India’s developmental imperatives make NDCs a challenging target, but we should get there, says CK Mishra at The Earth Dialogues
Delhi

India’s developmental imperatives make NDCs a challenging target, but we should get there, says CK Mishra at The Earth Dialogues

New Delhi: First edition of ‘The Earth Dialogues’ was held in the national capital, as part of a series of events covering compelling themes around environmental protection. In the backdrop of India having displayed a keen desire to play a constructive role in combating the threat of climate, the discussions pointed to UN Environment Emissions Gap Report of 2017 and complexities faced by India as a developing country which remains highly vulnerable to increased risks of greenhouse emissions.

The panellists discussed the policy, implementation and economic aspects of greenhouse gas emission reduction strategies, pointing to US withdrawal from Paris Agreement that has created new challenges on the global front, and therefore a need emerges for India to reconsider its Nationally Determined Contributions (NDCs) presented to the UNFCC.

The discussion saw participation from a range of industry experts and policymakers which included Mr. C K Mishra, Secretary, Ministry of Environment, Forest and Climate Change, Mr. Naveen Khandelwal, Chief Investment & Strategy Officer, Hero Future, Mr. Sudhir Mishra, Founder and Managing Partner, Trust Legal and Mr. Subir Gupta, Founding Partner, Sustainability Advisors.

When asked about the key challenges India faces in direction of reducing emissions, Mr C K Mishra, Secretary, Ministry of Environment, Forest and Climate Change said:  “India will have to remain cognizant of its developmental imperatives while keeping sight of the ambitious NDCs, but we should get there. Our development imperatives make this target much more challenging. Another major aspect revolves around the mix of power. A 40% target for renewables in the energy mix may be a touch and go but will be certainly close in and it will bring down the emissions norms. However, bringing down CO2 is not something we may achieve in 4 or 5 years. It is a fairly long and would require large-scale greening. Availability of Technology and Finance will remain a key towards this. The technology transfer from developed countries is not seamless and there is still lack of availability of new finance.”

Mr Sudhir Mishra, Founder and Managing Partner, Trust Legal spoke on the legal interpretation and effectiveness of the Paris agreement. He also threw light on the robustness of the Indian legislation to deal with the legal requirements of climate action and legal recourse options to ensure that both private and government entities are taking right steps to prioritize environmental concerns during the course of law enforcement. He said “The National Green Tribunal may be effective in giving compensations for flouted environmental norms, but it is the individual responsibility towards the environment, and not just the government. The sentiment for ecosystem and conservation is lacking. Unless we develop this sense, it will remain challenging to implement the law or policies encouraging lower emissions”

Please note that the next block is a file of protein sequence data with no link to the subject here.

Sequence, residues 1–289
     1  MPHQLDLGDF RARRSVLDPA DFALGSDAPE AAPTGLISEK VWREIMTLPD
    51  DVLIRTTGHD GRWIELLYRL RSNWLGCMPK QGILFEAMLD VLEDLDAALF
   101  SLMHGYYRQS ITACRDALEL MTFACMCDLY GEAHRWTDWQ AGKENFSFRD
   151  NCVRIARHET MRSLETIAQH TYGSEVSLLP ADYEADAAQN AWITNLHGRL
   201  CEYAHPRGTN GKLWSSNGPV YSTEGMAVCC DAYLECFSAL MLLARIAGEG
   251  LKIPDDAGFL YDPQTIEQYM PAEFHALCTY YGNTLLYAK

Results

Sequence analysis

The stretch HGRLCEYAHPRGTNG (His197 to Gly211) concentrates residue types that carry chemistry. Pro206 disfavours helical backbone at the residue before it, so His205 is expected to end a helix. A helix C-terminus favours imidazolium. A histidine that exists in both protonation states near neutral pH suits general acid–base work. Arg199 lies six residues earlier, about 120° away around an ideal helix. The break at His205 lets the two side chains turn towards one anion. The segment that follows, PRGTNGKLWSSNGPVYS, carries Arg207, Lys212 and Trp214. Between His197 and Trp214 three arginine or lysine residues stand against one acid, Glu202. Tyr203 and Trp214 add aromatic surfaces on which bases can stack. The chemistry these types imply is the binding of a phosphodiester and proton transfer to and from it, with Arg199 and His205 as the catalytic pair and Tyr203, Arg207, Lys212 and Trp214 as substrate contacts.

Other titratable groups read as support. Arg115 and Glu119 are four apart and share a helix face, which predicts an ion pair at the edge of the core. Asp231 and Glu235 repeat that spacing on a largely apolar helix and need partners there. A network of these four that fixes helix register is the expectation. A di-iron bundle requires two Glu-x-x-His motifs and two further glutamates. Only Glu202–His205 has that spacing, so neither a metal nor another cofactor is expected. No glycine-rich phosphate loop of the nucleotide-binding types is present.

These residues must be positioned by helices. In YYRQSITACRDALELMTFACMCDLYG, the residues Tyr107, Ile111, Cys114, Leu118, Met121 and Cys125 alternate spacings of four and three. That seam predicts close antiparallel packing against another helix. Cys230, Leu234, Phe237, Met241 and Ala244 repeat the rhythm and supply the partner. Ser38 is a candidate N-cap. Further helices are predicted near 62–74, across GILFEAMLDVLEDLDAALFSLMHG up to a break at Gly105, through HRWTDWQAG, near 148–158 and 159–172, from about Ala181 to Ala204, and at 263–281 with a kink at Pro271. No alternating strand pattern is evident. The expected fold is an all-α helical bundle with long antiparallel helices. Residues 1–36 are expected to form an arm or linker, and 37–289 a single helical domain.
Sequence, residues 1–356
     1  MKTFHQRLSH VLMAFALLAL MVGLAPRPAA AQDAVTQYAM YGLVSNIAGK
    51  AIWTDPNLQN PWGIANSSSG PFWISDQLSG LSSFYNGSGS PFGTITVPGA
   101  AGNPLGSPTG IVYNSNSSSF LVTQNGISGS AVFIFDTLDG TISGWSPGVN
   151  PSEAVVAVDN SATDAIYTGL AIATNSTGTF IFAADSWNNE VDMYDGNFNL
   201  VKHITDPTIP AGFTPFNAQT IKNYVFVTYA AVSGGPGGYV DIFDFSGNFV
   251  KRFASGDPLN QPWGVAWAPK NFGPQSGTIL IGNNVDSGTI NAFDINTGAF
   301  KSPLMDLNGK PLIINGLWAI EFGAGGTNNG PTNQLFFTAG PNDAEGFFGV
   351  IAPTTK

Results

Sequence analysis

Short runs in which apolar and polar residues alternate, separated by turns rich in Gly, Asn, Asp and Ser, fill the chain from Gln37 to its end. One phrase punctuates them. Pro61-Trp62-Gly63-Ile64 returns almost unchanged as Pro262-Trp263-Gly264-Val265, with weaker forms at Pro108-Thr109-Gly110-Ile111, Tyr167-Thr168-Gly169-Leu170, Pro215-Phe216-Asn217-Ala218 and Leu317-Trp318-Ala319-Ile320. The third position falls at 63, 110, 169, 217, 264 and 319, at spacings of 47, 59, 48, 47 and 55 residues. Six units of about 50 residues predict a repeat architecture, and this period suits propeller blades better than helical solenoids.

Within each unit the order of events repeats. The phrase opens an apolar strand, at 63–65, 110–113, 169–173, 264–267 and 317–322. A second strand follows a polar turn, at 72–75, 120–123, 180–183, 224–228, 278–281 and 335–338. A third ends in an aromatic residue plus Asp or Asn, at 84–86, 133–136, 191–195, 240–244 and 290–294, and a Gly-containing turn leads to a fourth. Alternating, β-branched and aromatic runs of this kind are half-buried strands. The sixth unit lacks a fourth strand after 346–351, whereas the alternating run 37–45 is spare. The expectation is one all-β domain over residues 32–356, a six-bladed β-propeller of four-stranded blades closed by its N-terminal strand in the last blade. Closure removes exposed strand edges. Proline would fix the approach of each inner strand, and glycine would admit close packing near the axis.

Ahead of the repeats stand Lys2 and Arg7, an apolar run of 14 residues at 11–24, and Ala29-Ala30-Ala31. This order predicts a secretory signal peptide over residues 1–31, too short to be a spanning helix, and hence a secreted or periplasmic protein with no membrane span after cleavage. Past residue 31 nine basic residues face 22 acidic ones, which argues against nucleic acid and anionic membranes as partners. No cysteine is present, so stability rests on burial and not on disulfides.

Mr Subir Gupta further opined that private sector will play a crucial role in bringing down the emissions and it should come out with its own set of commitment. He stated that “We see a distinct change in the way business is being done. Businesses now clearly see the need for taking sustainability, and believe it is imperative to viability.”

Mr Naveen Khandelwal, Chief Investment & Strategy Officer, Hero Future Energy, speaking on the at the event said, “Renewables are being accepted graciously, and a lot more capital efficiency along with technological development is happening. While today we are at 17-18 per cent of renewable in the energy mix and 40percent may be a long way to go. But there has been a great impetus driven by policies and intent from the government in the last 36 to 48 months. The cost of renewable is gradually coming down and likely to stay down permanently. India’s renewable capacity is growing at the right place. We are not making the mistakes that the US and Germany made by adding too much capacity too soon. India will have the grids ready by the time we reach our intended targets for renewables.”

The event was organized by NewsCode, a hyperlocal news platform for tier 3 and tier 4 towns and Chase India, a leading Public Policy Advocacy firm in South Asia.

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